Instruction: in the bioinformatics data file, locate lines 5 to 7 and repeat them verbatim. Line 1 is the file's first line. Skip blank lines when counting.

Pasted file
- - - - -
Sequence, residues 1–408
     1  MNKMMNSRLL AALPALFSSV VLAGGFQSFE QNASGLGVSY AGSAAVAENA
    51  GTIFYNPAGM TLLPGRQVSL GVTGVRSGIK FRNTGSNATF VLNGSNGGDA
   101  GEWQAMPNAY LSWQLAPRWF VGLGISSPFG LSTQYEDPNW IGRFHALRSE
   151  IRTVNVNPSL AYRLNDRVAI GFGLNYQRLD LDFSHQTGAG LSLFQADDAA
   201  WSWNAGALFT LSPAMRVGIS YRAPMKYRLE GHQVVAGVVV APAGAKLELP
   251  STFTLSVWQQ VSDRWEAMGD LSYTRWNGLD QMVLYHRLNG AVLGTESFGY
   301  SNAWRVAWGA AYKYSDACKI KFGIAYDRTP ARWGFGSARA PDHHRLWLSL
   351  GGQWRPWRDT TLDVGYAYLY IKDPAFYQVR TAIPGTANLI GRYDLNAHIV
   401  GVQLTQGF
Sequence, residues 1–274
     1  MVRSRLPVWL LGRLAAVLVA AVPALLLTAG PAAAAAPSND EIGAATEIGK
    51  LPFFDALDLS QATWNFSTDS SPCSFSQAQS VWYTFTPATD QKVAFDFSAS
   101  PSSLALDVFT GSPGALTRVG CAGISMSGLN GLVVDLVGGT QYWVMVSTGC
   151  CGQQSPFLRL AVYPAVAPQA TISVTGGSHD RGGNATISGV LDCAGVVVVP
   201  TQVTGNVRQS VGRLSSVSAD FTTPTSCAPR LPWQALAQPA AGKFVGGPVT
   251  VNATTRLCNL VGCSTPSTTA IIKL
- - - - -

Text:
   151  IRTVNVNPSL AYRLNDRVAI GFGLNYQRLD LDFSHQTGAG LSLFQADDAA
   201  WSWNAGALFT LSPAMRVGIS YRAPMKYRLE GHQVVAGVVV APAGAKLELP
   251  STFTLSVWQQ VSDRWEAMGD LSYTRWNGLD QMVLYHRLNG AVLGTESFGY